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Date: 1737

"We must examine every thing, as if we were a tabula rasa."

— Bayle, Pierre (1647-1706); Anonymous

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Date: 1755

A stamp may be settled deep into the mind

— Locke [from Johnson's Dictionary of the English Language]

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Date: 1755

"These simple ideas, offered to the mind, the understanding can no more refuse, nor alter, nor blot out, than a mirrour can refuse, alter, or obliterate, the images which the objects produce"

— Locke [from Johnson's Dictionary of the English Language]

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Date: 1755

Heads overfull of matter, be like pens over full of ink, which will sooner blot, than make any fair letters at all.

— Ascham's Schoolmaster [from Johnson's Dictionary of the English Language]

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Date: 1755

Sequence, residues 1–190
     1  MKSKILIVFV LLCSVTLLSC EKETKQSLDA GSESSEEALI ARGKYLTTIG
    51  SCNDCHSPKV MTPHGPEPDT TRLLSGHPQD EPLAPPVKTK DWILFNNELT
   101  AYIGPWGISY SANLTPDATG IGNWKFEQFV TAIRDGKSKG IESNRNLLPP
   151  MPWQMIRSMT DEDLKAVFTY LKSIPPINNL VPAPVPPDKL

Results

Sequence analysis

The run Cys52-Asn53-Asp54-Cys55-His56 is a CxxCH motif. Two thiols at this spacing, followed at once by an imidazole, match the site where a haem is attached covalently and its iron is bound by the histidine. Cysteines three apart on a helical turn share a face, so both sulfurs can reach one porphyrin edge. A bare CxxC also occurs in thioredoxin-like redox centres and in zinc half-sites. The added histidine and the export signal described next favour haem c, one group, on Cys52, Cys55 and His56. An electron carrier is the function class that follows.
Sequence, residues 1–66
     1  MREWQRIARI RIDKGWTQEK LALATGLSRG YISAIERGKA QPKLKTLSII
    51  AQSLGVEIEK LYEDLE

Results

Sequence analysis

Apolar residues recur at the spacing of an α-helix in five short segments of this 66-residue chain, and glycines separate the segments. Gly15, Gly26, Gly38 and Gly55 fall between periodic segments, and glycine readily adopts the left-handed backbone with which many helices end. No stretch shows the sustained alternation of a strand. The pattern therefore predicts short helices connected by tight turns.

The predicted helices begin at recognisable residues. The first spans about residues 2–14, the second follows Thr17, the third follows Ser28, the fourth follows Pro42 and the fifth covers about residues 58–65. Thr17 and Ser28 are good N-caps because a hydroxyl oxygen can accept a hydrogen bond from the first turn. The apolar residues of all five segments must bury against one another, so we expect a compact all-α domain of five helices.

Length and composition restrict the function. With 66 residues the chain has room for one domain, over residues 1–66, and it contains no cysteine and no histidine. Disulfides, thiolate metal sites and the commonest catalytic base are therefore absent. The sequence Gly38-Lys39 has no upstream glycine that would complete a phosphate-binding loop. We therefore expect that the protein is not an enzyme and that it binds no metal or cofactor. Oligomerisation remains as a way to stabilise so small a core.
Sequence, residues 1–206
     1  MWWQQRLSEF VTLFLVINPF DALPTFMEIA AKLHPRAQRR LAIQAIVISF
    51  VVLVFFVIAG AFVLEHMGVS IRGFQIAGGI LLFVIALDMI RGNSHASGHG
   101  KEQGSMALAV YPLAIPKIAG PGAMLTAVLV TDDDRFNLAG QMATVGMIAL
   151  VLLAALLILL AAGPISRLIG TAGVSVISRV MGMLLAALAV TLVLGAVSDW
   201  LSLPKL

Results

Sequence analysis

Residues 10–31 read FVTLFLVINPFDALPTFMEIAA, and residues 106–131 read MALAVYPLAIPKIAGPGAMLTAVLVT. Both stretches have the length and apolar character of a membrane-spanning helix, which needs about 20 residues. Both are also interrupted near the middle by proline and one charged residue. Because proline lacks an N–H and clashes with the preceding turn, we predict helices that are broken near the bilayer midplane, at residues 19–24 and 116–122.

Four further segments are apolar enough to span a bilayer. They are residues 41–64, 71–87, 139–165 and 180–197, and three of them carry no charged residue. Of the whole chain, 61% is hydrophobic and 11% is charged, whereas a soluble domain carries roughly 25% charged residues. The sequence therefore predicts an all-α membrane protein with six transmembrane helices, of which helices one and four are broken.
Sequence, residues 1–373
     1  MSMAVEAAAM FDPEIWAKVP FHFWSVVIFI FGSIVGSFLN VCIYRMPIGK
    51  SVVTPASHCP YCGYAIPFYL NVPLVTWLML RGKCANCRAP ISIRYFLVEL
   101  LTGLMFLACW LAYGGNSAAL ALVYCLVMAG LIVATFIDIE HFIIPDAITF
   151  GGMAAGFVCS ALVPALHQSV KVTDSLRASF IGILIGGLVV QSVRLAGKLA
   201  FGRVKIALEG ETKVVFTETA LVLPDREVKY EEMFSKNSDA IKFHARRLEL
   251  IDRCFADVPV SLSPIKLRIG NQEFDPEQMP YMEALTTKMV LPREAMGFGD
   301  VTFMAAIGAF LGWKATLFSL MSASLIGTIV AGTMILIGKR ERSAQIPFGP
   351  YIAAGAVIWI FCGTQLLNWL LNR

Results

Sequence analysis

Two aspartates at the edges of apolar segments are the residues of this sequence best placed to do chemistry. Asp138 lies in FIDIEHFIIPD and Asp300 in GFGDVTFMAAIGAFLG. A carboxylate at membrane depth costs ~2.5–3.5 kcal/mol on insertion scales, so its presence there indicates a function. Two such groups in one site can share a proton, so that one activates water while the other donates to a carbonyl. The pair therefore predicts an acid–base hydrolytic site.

"Though God has given us no innate ideas of himself, though he has stampt no original characters on our minds, wherein we may read his being; yet having furnished us with those faculties our minds are endowed with, he hath not left himself without witness."

— Locke [from Johnson's Dictionary of the English Language]

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Date: 1755

"If the organs of perception, like wax overhardened with cold, will not receive the impression of the seal; or, like wax of a temper too soft, will not hold it."

— Locke [from Johnson's Dictionary of the English Language]

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Date: 1755

"He that brings this love to thee, / Little knows this love in me; / And by him seal up thy mind."

— Shakespeare [from Johnson's Dictionary of the English Language]

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Date: 1755

"That natural and indelible signature of God, which human souls, in their first origin, are supposed to be stampt with"

— Bentley [from Johnson's Dictionary of the English Language]

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Date: 1797

"Tabula rasa. Lat.--'A shaved or smoothed tablet.'--His mind is a tabula rasa--it is a mere blank."

— MacDonnel, David Evans (fl. 1797)

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The Mind is a Metaphor is authored by Brad Pasanek, Assistant Professor of English, University of Virginia.